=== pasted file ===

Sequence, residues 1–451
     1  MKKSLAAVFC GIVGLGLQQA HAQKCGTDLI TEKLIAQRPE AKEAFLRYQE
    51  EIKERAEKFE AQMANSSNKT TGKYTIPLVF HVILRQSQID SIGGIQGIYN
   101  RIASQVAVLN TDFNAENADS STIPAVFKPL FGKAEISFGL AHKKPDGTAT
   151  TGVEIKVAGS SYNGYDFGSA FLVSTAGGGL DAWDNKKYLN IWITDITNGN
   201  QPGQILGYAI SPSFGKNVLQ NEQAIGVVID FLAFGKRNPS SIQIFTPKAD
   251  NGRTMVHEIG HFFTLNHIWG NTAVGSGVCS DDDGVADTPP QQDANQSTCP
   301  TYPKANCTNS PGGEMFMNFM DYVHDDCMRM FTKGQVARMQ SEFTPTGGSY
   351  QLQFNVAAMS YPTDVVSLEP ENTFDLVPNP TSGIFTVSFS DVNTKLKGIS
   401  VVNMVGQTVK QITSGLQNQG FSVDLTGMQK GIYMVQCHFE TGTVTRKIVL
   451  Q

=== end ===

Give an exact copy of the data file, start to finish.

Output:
Sequence, residues 1–451
     1  MKKSLAAVFC GIVGLGLQQA HAQKCGTDLI TEKLIAQRPE AKEAFLRYQE
    51  EIKERAEKFE AQMANSSNKT TGKYTIPLVF HVILRQSQID SIGGIQGIYN
   101  RIASQVAVLN TDFNAENADS STIPAVFKPL FGKAEISFGL AHKKPDGTAT
   151  TGVEIKVAGS SYNGYDFGSA FLVSTAGGGL DAWDNKKYLN IWITDITNGN
   201  QPGQILGYAI SPSFGKNVLQ NEQAIGVVID FLAFGKRNPS SIQIFTPKAD
   251  NGRTMVHEIG HFFTLNHIWG NTAVGSGVCS DDDGVADTPP QQDANQSTCP
   301  TYPKANCTNS PGGEMFMNFM DYVHDDCMRM FTKGQVARMQ SEFTPTGGSY
   351  QLQFNVAAMS YPTDVVSLEP ENTFDLVPNP TSGIFTVSFS DVNTKLKGIS
   401  VVNMVGQTVK QITSGLQNQG FSVDLTGMQK GIYMVQCHFE TGTVTRKIVL
   451  Q